Apple iPad Air (2020) review: A Pro in all but name
To go Pro or not to go Pro? No sooner than I’d gotten my workflow down pat with the new 11-inch iPad Pro, Apple updated its iPad Air so significantly that it nudged the erstwhile midrange tablet tantalizingly close to what most folks need from the Pro. And that’s really the 54,900 vs 71,900 question - not only what you gain over the base iPad (a lot!) to justify the extra outlay, but also how little the Air compromises on over the Pro for most needs. I’ve been throwing my iPad Pro workload on the new iPad Air (2020) for the past couple of weeks to answer just this.
In what is the biggest departure in design for the iPad Air series, the iPad Air (2020) now looks and feels like an iPad Pro rather than the traditional entry-level iPad. Apple has shifted the Air to the Pro’s flat-edged design that we’ve seen being used to great effect in the iPhone 12 family as well, and the change elevates the Air’s premium look and feel. With the move to the Pro-esque design, Apple’s forgone the Touch ID/home button (well, sorta…more on that later) in favor of a bigger display with smaller bezels than the previous Air. At first glance, the Air looks practically identical to the 11-inch iPad Pro I tested recently, matching it in height and weight…and it’s only when you place them side-by-side that you notice that the Air’s display is the tiniest bit smaller at 10.9in compared to the Pro’s 11in. Otherwise, both the iPads are so similar in design that the Air supports the Magic Keyboard made for the 11-inch Pro!
Elsewhere, the Air now has a USB-C port instead of the Lightning port, which allows for a whole host of accessories including external displays and USB-C hubs, plus there’s support for the second-generation Apple Pencil with the same magnetic attachment and charging mechanism as the pricier Pros. Instead of the quad-speaker array on the Pro, the Air has a powerful dual speaker setup on the top and bottom, which gives it proper, two-channel stereo sound when held in landscape mode. Interestingly, the Air is the only tablet in the portfolio where Apple’s integrated a Touch ID fingerprint sensor into the power button, so while you don’t get the fancy Face ID setup one has seen on the iPhones and the iPads Pro, it’s a far more convenient authentication option for when you’re outside and wearing a mask. I’d hoped the iPhones had straight up lifted this idea from the iPad Air on the iPhones 12, but that was not to be.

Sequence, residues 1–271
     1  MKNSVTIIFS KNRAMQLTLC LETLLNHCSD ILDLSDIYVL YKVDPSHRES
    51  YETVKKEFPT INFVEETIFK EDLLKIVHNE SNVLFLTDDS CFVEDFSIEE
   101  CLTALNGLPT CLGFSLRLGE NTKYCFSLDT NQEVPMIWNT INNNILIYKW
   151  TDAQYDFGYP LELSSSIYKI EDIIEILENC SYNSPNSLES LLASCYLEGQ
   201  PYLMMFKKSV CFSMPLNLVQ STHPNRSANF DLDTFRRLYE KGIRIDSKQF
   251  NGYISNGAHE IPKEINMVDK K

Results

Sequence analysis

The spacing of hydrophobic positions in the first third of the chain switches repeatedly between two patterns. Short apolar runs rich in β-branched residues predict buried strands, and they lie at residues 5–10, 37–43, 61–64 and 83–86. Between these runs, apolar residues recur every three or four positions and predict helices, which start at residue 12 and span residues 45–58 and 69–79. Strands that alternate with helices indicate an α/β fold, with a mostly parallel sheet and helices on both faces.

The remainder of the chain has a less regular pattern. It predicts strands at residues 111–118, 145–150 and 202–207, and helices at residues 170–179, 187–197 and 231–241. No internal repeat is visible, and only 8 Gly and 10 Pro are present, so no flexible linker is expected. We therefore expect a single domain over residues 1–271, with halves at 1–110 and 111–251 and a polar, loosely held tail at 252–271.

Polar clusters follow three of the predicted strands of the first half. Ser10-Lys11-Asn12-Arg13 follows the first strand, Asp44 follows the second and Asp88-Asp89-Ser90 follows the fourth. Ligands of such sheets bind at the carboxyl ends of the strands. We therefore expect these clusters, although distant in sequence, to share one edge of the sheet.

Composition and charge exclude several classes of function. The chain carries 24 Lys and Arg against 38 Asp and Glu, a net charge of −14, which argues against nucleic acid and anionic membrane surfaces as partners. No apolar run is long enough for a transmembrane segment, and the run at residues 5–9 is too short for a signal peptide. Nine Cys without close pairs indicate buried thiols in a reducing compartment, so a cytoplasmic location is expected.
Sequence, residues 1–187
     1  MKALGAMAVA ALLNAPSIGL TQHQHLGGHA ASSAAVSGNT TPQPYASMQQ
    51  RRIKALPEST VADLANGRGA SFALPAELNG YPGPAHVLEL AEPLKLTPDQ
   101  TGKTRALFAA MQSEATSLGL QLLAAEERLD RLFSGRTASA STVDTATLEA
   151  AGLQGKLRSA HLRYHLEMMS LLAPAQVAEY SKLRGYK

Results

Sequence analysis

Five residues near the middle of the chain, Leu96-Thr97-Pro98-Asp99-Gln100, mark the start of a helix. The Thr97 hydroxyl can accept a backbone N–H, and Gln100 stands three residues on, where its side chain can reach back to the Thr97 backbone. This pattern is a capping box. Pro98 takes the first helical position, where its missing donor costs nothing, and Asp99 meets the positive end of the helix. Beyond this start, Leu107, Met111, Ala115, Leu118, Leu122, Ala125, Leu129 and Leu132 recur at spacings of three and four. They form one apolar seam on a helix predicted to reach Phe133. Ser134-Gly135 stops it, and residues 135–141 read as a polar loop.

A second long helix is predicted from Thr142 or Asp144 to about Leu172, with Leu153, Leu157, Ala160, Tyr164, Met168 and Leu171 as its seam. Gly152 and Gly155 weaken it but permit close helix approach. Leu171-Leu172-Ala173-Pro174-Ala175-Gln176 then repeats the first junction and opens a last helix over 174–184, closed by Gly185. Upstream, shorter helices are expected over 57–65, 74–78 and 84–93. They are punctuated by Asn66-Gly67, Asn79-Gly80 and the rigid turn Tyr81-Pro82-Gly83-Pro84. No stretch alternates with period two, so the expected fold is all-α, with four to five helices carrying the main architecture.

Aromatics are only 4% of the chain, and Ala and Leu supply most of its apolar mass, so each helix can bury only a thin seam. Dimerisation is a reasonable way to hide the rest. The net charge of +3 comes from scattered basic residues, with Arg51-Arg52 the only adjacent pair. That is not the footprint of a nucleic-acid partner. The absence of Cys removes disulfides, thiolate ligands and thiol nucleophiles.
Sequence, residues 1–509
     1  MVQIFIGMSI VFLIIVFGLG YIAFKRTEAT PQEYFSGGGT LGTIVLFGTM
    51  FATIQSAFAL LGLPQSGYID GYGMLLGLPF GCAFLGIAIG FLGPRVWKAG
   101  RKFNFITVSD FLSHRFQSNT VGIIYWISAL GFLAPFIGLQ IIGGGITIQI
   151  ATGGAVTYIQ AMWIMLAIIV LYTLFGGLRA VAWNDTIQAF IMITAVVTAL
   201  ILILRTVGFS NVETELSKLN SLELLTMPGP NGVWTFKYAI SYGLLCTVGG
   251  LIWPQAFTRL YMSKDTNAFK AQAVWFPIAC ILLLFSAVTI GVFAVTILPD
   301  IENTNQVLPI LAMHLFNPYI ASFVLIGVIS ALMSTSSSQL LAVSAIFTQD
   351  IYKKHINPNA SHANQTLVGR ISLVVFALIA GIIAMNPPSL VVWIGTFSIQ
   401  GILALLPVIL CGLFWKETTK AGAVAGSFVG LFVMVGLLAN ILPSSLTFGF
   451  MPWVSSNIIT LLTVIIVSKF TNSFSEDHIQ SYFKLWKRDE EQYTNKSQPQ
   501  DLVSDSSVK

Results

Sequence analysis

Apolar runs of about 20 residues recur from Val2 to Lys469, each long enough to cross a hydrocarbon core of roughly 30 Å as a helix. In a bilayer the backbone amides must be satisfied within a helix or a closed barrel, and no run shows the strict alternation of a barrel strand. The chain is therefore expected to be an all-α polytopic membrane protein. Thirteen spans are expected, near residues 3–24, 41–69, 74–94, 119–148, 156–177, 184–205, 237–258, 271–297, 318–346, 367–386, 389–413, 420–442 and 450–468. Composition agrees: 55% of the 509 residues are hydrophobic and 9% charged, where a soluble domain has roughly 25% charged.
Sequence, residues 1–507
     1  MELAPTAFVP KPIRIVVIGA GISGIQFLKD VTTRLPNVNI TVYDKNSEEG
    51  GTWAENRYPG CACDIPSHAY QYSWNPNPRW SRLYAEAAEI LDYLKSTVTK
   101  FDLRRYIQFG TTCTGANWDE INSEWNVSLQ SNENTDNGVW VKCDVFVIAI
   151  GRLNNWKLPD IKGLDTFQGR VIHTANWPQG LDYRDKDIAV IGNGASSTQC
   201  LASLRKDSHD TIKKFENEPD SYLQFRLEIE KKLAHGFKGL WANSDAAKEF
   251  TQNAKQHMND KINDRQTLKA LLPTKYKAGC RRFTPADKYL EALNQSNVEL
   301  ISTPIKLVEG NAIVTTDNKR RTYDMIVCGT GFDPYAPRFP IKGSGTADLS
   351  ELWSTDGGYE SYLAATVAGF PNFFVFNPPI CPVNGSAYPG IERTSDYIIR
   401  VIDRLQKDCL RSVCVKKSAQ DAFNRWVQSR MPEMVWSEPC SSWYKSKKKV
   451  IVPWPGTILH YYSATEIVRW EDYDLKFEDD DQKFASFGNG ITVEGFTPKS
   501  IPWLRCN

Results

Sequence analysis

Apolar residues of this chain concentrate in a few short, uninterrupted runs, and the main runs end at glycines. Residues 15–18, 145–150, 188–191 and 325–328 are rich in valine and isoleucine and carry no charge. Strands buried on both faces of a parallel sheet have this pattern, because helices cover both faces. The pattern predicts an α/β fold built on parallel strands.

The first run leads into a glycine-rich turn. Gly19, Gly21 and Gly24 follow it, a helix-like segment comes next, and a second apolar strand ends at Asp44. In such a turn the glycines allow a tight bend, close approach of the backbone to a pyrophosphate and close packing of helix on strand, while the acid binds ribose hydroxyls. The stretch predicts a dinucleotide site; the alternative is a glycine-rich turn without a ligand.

Dominating the front is the 10.9in, 2360x1640 pixel Liquid Retina display that runs at the same 264ppi pixel density as the 11in iPad Pro and has all the True Tone smarts, wide color gamut (P3) and rich media reproduction one has come to expect from modern Pro iPads. The immersive, near-all-screen-display is crisp, colorful and bright in everyday use. Apple’s applied an anti-reflective and fingerprint-resistant coating that makes the Air more pleasant to use than the standard iPad, but the peak brightness is a bit lower than the latest Pro, topping out at 500 nits (versus the Pro’s 600 nits), something that’s noticeable only in a brightly lit environment. Of course, the Air lacks the iPad Pro’s 120Hz ProMotion display, which ratchets up the refresh rate of the screen to up to 120Hz for that extra dash of buttery smoothness, so it’s noticeably less slick and fluid say when you’re navigating the interface or scrolling on a website. Here’s the thing, though. You need to have seen and used the iPad Pro to have that frame of reference (or keep the two side-by-side), and for most folks, iPadOS’s smooth animations are zippy enough and gameplay fluid enough to not really be able to tell. Graphics pros and design professionals who need that extra fluidity and responsiveness in their workflows should, no questions asked, pony up the extra 12,000 to 15,000 bucks.